To top it off, airbrushing your car’s surface is the only way to achieve a completely smooth design (no rollers, no brushes—no thank you!). You can create your own custom design, or choose from template options designed especially for your make and model.
Airbrush Painting on Cars
So, is using a professional worth the money?
Short answer: yes. Absolutely. Every single time.
In addition to the paint, airbrush and compressor that you need in order to EVEN BEGIN LEARNING, you would also need a buffer, a power sander, and 1200-2000 grit sandpaper (add on a dust extractor, too, just for giggles).
Then for prepping, factor in that you’ll need masking tape and plastic. For safety, you need a face mask and safety glasses. And, along with your paint, you’ll need paint thinners, an undercoat paint, a topcoat of acrylic or enamel paint, and a clear-coat lacquer. SHEESH!
Now tally up that total and don’t forget to add in the costs of your learning curve!
You can see that a NON-PROFESSIONAL airbrush painting job isn’t cheap. And the costs of fixing a DIY job gone bad can send you digging even deeper into your pockets.
Surprisingly, custom, professionally-done jobs are less than you might think. And, by going the airbrush artist route, you can guarantee that the following important steps aren’t missed (or done improperly) along the way.
Removing dust from the work area is essential. Professionals work out of a clean, designated space to ensure that the area isn’t contaminated with any debris that might accidentally make its way into your paint job. Additionally, they make sure the car itself is cleaned— grease and dirt-free.
Professionals know that the best way to achieve a perfect finish is by sanding to bare metal, which helps to attain a smooth surface.
This part of the process is often one of the most time-consuming, and the time investment depends heavily upon the stripping method used.
It can take up to two hours to physically sand each panel, and for the smoothest surface, professional artists will finish up with a fine grain, wet-and-dry sandpaper and then wipe down with thinner to remove any residual dust.
Tape, stencils and plastic sheeting are best friends to the professional airbrush artist. Professionals take their time with this step, because they know attention to detail is the key to success.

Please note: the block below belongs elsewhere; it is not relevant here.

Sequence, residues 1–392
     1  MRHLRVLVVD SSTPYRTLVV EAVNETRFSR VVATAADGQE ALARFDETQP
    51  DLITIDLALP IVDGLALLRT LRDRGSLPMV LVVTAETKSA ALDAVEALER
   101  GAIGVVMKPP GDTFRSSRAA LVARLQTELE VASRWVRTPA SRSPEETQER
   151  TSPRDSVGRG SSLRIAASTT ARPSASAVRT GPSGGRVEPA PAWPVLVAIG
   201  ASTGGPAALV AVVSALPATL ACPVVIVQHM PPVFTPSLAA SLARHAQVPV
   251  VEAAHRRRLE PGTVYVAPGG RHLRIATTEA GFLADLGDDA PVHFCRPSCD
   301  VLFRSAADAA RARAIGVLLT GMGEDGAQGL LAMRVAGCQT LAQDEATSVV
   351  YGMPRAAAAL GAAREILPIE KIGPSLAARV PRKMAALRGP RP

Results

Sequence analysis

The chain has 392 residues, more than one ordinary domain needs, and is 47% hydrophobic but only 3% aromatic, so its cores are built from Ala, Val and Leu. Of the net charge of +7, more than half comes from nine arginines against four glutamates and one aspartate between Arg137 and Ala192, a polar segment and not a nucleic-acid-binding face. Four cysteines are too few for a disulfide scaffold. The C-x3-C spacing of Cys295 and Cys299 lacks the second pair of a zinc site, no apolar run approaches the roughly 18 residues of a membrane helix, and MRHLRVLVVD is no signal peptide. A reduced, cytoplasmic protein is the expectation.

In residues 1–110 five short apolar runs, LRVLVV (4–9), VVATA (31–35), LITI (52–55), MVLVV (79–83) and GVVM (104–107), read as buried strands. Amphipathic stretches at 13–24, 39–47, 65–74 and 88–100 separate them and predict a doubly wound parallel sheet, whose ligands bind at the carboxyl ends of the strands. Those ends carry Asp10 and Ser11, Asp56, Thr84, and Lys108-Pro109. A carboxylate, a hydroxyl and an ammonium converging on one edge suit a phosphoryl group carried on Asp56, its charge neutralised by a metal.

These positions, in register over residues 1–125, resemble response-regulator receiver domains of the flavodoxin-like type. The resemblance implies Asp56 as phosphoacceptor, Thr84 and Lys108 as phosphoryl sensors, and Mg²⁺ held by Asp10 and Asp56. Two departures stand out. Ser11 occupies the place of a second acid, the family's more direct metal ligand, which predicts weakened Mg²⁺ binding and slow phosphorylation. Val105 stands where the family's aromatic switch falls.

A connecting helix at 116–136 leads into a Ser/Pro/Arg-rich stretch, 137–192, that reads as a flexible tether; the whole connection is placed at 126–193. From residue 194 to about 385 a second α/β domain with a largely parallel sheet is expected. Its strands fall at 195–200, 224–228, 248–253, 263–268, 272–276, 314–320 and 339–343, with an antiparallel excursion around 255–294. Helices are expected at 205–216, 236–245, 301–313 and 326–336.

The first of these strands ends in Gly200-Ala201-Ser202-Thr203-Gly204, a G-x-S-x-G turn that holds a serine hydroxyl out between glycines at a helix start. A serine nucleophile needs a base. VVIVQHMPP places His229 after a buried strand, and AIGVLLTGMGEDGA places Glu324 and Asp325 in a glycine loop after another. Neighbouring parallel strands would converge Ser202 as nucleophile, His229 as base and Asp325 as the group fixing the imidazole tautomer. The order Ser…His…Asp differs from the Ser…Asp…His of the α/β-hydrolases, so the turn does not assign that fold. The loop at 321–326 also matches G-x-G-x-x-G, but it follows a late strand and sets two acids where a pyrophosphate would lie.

Primer is applied to the car, starting at the roof and working down. Multiple coats are used to cover the surface completely, and then sanded to an even finish and wiped down with thinner.
Paint is applied in multiple coats and at various levels of paint flow to achieve the look and dimension of each individual design.
Before the last coat, any powdery residue is removed by sanding the surface and then wiped down with a fresh rag. These same steps are repeated when applying the clear-coat lacquer, as well.
Once the clear coat is completely dry, the paint is buffed by making circular motions with a buffer to ensure the look, feel and shine of a professionally done paint job.
Advanced Airbrushing and Custom-Ordered Parts
If you want custom art for your car, don’t go it alone.
You’ve seen Camaros and other muscle cars with awesome, custom-painted hood liners and engine bays. Those are achieved by skilled hands who have mastered airbrush car painting and make designing your dream car their life’s work.
If you want a highly customized design, you can order items like airbrushed hood liners with the ease of a couple of clicks—everything is available, from the infamous checkered design to the Camaro logo.
DIY vs. Professional Automotive Airbrush Painting
With some practice and patience, airbrush painting cars is something you can do yourself, but it’s also something that requires extensive practice, good equipment and time (not to mention, money).
For the time and monetary investment it takes to learn the art of airbrushing, it’s often more effective to involve the professionals. Custom, professional airbrush design can rejuvenate the look of your prized vehicle and add value to your ride, without the worry of amateur mistakes that result in a costly learning curve.